Randalls Round

Randalls Round by Eleanor Scott Read Free Book Online

Book: Randalls Round by Eleanor Scott Read Free Book Online
Authors: Eleanor Scott
a great and precious treasure.’ ”
    “It’s queer, isn’t it, that when he went to the trouble of copying out the whole texts he should have done it wrong? Say, Mr. Molyneux, I can’t help sort of wondering–”
    Their eyes met.
    “The same thought occurred to me,” said the Vicar quietly. “I believe the misquotations are intentional. I believe it’s a clue to the place where he concealed the treasure – the stolen gold and jewelled plate of the chapel. You see,” he went on with growing excitement, “the first of the misquoted texts concerns church vessels, and implies, or so I take it, that the plate was not melted down in his chemical experiments, but that he ’laid up the treasure in the house.’ ”
    “That’s what I make of it,” said the American. “But the other one does me. Let’s see: ’Have regard unto My Name, for it shall be unto thee for a treasure of gold? Why, say, Vicar, that’s it – the clue to the hiding–place is in the man’s name!”
    “I believe you’re right!” cried the Vicar. “Some hint – perhaps a cipher–”
    “‘Dom: Hierime Lindalle.’ Hm. This needs some brain. Say, sir, what’s wrong with you coming up to the Manor to lunch and working it out? We might find another clue in the room.”
    The Vicar agreed, and the two men set out for the Manor. They found a distinctly good meal awaiting them, and, after a quiet smoke, went up together to the north room.
    “I guess Dom. Whats–his–name did these himself,” said Mr. Matthews, looking round the rough carvings. “These gentlemen are the twelve apostles I take it. I’m going by Peter here,” and he indicated the figure bearing a key.
    “Yes, and that’s St. John with the eagle; and St. Andrew with the bread. Why, of course, they’re rough copies of the apostles in the Langtre Psalter,” he continued with increasing enthusiasm. “They are quite unique in design and conception, and in the Psalter each has a text attached. So against St. James, who is drawn as you see with his head half severed, is the text ’And James the brother of John he killed with the sword.’ Each one can be identified in the same way. But the curiosity of the set is the representation of Judas: an extraordinary drawing, showing him falling out of the tree in which he is attempting to hang himself. You must see that.”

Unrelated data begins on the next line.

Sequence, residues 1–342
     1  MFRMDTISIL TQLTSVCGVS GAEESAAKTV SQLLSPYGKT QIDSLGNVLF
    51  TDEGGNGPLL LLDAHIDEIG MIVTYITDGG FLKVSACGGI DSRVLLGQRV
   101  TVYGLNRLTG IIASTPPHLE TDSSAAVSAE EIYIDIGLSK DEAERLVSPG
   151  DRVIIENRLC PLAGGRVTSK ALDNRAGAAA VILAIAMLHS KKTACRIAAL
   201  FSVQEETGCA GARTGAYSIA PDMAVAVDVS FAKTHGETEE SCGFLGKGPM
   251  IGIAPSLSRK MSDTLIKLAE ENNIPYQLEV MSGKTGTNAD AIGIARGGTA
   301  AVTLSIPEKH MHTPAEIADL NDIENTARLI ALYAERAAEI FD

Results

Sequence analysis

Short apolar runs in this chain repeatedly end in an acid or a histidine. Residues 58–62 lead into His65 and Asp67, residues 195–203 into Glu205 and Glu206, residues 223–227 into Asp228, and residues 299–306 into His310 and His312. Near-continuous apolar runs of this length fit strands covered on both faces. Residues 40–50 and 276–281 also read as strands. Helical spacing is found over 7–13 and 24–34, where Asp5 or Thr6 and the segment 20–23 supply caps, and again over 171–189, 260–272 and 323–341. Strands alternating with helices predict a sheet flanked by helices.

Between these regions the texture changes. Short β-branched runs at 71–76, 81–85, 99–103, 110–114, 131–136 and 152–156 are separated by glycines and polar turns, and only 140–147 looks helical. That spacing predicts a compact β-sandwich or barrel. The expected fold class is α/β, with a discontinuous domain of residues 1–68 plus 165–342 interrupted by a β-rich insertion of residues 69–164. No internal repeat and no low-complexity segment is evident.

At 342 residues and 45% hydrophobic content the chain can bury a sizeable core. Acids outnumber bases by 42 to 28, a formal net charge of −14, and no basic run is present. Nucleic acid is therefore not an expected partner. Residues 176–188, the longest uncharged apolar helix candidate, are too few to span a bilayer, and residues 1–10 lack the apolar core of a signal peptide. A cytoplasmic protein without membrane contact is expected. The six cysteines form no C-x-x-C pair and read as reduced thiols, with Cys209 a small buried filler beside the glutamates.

And he began to make the circuit of the room.
    “Pity the light is so bad,” said Matthews. “I can only just see the figures. But I don’t see one such as you describe.”
    “Neither do I,” admitted the Vicar in some perplexity. “He has the Twelve, too.”
    “Perhaps Judas touched him a little too near,” suggested the American. “He may count his twelve after the Acts.”
    “Let’s see, said Mr Molyneux. “I ought to be able to identify them all from the Psalter.”
    He again went slowly round the room, murmuring the names of the apostles.
    “Philip, Thomas with his finger outstretched; and this, with the book and the lion, of course is Mark. Now that’s very odd,” he said, turning to the American. “I wonder why he included Mark?”
    “To make up the dozen, I guess,” said Mr. Matthews. “After all, he was an evangelist, if he wasn’t an apostle. Now, sir, before the light quite goes, let’s just copy down these texts he has in the band round the wall, and then we’ll see what we can make of ’em.”
    “The first,” said the Vicar, “is Psalms cxx, 6 – ’The sun shall not smite it by day, nor the moon by night.’”
    Mr. Matthews wrote rapidly.
    “Next, just a reference – Ecclesiasticus xxxi, 7. Then St. Matthew vi, 21 – ’Where the treasure is, there will the heart be also.’ Then another reference to Ecclesiasticus xxii, 12. That’s all.”
    Matthews shut his notebook and slipped it into his pocket. Now we’ll go down to the library and have a go at the puzzle,” he said genially.
    “Of course,” said the Vicar as they descended the stairs, “that first text

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